For the record... I started with 80 grit, which was a sponge like abrasive thingy from 3M. Worked with it until all the abrasiveness on it was gone. That amounts to approximately 2 hours. Then went with another abrasive block, 120 grit. In 3 hours that was gone too. And after that next 4 hours I was working with 220 grit sandpaper. Then I've decided I've had enough of rubbing and went with 600 grit for short time, then 15µm microabrasive film, then 5µm, 2µm, 0.3µm and then I've decided to call it a day. Literally, it was late night by then. At the moment, the blade has ok satin finish. The problem is that factory knives like my Benchmade 710 don't have very smooth surfaces, one reason is that it costs more to produce precision surface, because of the more wear on belts and other tools, second reason is that coatings stick better to the uneven surface. So, whenever you strip the coating you're left with relatively rough surface, which you can see on the third blade in the photo above, and if you go to previous pages and see original photos right after hardening, another M2 blade has the same grind lines, as it had BT-2 coating too. Kershaw blade however, has much smoother surface, it was satin finish originally. Well, hardening did mess things up though. Ok, enough about my knife polishing hassles.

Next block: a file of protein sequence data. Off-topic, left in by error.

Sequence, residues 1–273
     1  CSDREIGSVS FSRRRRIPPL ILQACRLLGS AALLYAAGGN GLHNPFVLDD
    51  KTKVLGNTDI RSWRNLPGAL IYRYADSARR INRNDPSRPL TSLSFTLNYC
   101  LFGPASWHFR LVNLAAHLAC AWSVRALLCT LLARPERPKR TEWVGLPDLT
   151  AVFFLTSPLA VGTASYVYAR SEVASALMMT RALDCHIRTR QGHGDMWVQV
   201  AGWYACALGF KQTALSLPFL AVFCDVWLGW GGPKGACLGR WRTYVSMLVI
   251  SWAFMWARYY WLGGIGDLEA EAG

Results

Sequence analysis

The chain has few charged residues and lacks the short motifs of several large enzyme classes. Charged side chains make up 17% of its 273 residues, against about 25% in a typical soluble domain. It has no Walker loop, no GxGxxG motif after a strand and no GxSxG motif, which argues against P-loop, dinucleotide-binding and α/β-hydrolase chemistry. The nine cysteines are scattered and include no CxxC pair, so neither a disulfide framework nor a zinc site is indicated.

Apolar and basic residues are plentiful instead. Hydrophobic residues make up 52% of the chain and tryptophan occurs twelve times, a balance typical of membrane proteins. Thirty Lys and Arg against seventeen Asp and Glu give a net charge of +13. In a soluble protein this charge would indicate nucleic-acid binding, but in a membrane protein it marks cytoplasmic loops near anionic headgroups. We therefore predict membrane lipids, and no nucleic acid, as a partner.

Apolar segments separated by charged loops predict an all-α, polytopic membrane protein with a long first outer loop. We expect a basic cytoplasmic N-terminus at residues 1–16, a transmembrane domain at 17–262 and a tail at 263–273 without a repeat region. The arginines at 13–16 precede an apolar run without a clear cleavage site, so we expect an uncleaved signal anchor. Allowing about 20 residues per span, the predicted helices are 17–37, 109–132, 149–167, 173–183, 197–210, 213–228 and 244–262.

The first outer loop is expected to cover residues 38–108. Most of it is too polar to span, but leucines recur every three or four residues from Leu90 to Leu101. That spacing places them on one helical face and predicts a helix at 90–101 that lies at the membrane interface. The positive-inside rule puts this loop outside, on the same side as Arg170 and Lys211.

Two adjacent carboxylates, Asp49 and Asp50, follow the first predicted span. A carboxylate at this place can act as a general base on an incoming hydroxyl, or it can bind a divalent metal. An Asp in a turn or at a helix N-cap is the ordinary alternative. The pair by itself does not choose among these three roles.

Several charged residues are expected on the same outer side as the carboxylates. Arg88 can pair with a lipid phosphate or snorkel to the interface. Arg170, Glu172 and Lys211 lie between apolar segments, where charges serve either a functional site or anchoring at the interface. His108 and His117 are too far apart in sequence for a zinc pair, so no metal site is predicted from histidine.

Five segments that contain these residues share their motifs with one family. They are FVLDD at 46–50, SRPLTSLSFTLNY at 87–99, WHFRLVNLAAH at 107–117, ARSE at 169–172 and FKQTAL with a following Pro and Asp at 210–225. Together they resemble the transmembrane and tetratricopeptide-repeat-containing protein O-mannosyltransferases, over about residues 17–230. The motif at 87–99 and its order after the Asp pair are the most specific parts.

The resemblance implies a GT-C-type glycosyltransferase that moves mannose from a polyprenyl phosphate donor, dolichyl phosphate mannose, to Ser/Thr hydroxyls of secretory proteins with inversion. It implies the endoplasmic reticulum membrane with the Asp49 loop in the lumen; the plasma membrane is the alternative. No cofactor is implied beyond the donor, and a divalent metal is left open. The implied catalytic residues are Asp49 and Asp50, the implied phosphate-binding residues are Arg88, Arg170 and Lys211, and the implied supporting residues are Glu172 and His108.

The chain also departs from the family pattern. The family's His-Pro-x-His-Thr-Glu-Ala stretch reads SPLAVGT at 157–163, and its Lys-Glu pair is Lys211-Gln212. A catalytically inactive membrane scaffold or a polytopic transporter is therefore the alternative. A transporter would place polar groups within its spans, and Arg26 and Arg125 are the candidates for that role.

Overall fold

As I said, I've sent two blades to Richard. CPM S110V blade from Kershaw, originally 59HRC, and M2 blade, originally 60HRC, both were rehardened by Phil Wilson to 64HRC. So, the job for him was quite hard, even if he had better tools. The trouble is, with those blades you can't use high speed rotary tools, at least not at high speeds, it'll overheat the blade, thus ruining the heat treatment, and I was very anxious about that part, obviously after spending time and money to get the blades rehardened to 64HRC, I'd be really upset if the treatment was ruined again :) So, poor Richard had to work at very slow speeds with his grinder and the whole thing took few weeks. Obviously, my 2 blades didn't take few weeks of grinding, it was few days spread over those few weeks, to be precise 4 weeks. And I got them back around the end of June 2009. After examining those blades I was satisfied. They're not exactly showcase mirror finish, but definitely better than just satin finish. Richard was still unable to remove grind lines from M2 blade, but now they're more like hairline marks than thick lines. Much better than my own work.